I’m not going to dance on the grave of the game’s worst offense, but those who spent the postseason and winter talking about how the Guardians’ dynamic, contact-based approach was the future of baseball should take a look at how it’s working in 2023. Cleveland still boasts the second-best strikeout rate in the game, but they’re dead last in runs scored and ISO.
Now the team is running a relatively low BABIP, which suggests they may be hitting into a little bit of bad luck. The particular style of the offense is vulnerable to BABIP swings, however, because of the reliance on contact. If you remember that frustrating, extra-innings loss in the ALDS last season, sometimes those bloop hits are going to drop in and the team will score — however, it’s more likely those balls hang up and are caught, or otherwise converted to outs.
The pitching staff is hit-and-miss, with Shane Bieber enjoying another strong season, although regression may be around the corner. He’s striking out batters at a career low rate, while also engineering a career low ground ball rate, a bad combination in today’s power-driven game. Despite these warts, the Guardians have the second-best division odds, but with a projected sub-.500 record, unless they do win the division there’s no postseason path for Terry Francona’s club.
Fourth Place: Chicago White Sox (22-34, 7.0 GB)
Top Position Player: Luis Robert (1.8 fWAR)
Top Pitcher: Lucas Giolito (1.0 fWAR)
Let’s start with the good news. The White Sox are not quite as bad as they were in April, five wins clear of the last-place Royals. Luis Robert and Jake Burger are having something of a coming out party, combining for 23 home runs. Gregory Santos has been a breath of fresh air in the bullpen, and Liam Hendriks returned to the club Monday after completing cancer treatment.
That’s the good news.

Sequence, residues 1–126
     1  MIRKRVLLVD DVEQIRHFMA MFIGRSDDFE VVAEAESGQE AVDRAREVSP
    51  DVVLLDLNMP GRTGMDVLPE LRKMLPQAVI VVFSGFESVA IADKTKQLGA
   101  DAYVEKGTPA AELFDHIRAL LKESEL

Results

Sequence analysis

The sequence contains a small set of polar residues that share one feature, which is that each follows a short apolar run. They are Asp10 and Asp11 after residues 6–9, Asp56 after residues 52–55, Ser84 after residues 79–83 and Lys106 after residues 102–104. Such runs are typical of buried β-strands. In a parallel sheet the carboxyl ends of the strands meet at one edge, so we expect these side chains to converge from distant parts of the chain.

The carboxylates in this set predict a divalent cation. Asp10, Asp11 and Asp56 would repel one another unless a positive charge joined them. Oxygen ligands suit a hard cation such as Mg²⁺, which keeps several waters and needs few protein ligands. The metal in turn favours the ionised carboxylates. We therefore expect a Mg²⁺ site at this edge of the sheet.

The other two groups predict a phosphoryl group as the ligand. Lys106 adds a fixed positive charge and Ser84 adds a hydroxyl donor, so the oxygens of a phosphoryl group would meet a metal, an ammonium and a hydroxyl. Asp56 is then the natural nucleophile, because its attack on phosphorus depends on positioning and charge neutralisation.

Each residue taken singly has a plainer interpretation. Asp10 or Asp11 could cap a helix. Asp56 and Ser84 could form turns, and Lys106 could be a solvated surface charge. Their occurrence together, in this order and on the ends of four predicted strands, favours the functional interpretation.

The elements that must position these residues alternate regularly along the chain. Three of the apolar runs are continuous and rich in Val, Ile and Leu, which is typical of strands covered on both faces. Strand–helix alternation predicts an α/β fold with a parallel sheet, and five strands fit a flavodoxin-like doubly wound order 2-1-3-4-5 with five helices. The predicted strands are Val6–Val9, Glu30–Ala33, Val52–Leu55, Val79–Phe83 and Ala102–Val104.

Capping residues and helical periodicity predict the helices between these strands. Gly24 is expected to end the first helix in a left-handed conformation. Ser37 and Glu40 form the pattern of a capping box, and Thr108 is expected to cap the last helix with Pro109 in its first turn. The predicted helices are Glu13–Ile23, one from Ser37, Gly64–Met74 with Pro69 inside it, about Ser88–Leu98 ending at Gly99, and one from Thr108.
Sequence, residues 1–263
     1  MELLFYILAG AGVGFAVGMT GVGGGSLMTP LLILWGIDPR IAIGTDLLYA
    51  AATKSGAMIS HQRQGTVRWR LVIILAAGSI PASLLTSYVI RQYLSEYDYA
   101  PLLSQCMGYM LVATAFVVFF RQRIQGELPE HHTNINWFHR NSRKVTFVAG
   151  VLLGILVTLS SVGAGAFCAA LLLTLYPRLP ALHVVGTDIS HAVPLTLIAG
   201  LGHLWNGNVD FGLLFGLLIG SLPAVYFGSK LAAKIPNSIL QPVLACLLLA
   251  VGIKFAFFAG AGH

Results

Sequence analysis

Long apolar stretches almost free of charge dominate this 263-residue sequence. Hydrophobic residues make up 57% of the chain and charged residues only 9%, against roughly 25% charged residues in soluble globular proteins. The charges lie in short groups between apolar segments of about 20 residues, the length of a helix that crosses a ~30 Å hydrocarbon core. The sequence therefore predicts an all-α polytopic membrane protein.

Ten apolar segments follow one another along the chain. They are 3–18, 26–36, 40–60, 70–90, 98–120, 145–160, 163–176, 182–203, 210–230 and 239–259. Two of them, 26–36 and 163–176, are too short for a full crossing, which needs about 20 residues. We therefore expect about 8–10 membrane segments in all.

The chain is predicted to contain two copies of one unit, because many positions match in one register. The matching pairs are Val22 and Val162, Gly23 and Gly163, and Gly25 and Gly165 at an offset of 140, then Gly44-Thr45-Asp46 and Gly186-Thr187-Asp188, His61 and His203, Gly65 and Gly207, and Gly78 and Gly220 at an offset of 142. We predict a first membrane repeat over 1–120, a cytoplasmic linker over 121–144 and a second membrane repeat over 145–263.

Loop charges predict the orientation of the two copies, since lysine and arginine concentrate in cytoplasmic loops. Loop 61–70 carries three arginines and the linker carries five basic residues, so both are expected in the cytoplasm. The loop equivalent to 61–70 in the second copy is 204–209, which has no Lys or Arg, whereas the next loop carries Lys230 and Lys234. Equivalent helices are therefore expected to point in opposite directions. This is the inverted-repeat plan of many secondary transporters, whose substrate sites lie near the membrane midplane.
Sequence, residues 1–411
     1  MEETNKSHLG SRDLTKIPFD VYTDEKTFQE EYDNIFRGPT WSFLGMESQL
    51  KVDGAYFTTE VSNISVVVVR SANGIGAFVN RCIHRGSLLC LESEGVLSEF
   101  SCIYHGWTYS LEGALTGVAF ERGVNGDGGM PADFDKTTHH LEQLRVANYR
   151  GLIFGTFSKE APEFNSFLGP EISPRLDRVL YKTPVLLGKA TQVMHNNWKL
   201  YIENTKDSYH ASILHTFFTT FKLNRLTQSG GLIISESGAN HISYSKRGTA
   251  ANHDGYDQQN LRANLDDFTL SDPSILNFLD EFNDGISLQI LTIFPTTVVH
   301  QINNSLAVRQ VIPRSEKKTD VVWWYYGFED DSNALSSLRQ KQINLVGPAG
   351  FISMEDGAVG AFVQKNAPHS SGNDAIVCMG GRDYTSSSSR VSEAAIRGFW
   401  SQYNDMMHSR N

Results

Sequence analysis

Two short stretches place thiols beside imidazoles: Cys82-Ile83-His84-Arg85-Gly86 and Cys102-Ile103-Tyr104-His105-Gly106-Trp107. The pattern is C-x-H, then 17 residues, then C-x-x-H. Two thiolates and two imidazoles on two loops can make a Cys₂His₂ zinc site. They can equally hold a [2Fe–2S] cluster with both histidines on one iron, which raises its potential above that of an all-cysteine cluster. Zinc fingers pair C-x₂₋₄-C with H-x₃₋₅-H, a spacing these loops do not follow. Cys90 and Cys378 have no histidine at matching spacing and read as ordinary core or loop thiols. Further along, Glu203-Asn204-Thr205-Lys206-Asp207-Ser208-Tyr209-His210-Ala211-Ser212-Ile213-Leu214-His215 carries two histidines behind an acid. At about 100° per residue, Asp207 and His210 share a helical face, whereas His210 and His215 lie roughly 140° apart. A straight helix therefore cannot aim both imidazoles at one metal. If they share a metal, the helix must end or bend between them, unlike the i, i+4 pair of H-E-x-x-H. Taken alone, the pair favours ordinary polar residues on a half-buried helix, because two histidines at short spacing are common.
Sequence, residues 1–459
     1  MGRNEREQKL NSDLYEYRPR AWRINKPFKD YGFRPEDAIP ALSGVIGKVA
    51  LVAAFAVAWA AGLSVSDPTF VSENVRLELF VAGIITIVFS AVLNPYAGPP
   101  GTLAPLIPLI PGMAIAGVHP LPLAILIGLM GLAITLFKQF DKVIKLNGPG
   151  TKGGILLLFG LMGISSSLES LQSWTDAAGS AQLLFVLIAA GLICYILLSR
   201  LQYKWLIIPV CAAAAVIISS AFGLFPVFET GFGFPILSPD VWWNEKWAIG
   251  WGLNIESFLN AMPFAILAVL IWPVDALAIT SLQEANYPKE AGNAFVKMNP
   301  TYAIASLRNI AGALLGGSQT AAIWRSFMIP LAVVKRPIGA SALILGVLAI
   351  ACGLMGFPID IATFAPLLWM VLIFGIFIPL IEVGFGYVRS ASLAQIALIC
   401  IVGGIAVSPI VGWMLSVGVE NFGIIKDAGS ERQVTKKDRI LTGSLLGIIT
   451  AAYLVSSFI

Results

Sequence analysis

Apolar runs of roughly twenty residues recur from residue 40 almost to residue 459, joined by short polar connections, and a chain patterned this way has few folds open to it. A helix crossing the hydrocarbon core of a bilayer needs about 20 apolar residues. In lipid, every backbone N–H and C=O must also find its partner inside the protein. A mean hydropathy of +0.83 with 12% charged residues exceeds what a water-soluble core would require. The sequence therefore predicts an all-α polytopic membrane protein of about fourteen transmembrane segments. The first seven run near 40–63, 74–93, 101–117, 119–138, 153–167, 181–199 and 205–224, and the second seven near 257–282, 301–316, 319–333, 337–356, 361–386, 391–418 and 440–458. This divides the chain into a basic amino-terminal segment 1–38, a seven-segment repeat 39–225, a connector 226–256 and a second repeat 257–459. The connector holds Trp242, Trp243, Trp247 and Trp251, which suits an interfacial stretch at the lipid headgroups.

The bad news is everything else. Lucas Giolito has the lowest ERA (3.98) and FIP (4.20) in the rotation, a collection of pitchers that has more or less set themselves on fire. Dylan Cease, the runner-up in last year’s Cy Young race, has seen a 20 percent decrease in strikeout rate, Lance Lynn has more than doubled his walk rate, and Michael Kopech has already surrendered 14 home runs after allowing just 15 in nearly twice as many innings last season. Andrew Benintendi, meanwhile, is sort of having the Cleveland Guardians’ season in micro. His strikeout rate is virtually identical to his career-best last year, but a complete absence of power has left him a below-average hitter (89 wRC+).
GM Rick Hahn accepted responsibility for the dreadful start to the Sox campaign, and he certainly finds himself on the hot seat, perhaps the hottest in the league. Chicago’s been a disappointment for a number of seasons now, and it doesn’t look like it’s going to get much better on the South Side.
Last Place: Kansas City Royals (17-38, 11.5 GB)
Top Position Player: Bobby Witt Jr./Salvador Perez (1.1 fWAR)
Top Pitcher: Aroldis Chapman (0.7 fWAR)
A distant 11.5 games back in the worst division in baseball, my goodness. The attempted rebuild in Kansas City has been a disaster, with Brady Singer, who was supposed to be the centerpiece of a young, high-ceiling rotation now arguably the worst starting pitcher in baseball. Bobby Witt Jr. has flashed some defensive and baserunning brilliance, but that doesn’t mean much when you only get on base at a .270 clip.
To perhaps fully contextualize how bad the Royals have been, the two best players by fWAR have been Witt, the dynamic shortstop, and Sal Perez, the power hitting catcher (and new captain). The third-best has been Aroldis Chapman. To his credit, the erstwhile Yankees closer has been very good in the later innings, but whenever a guy who pitches less than one inning per outing is the most valuable pitcher on your roster, you’re going to be in trouble.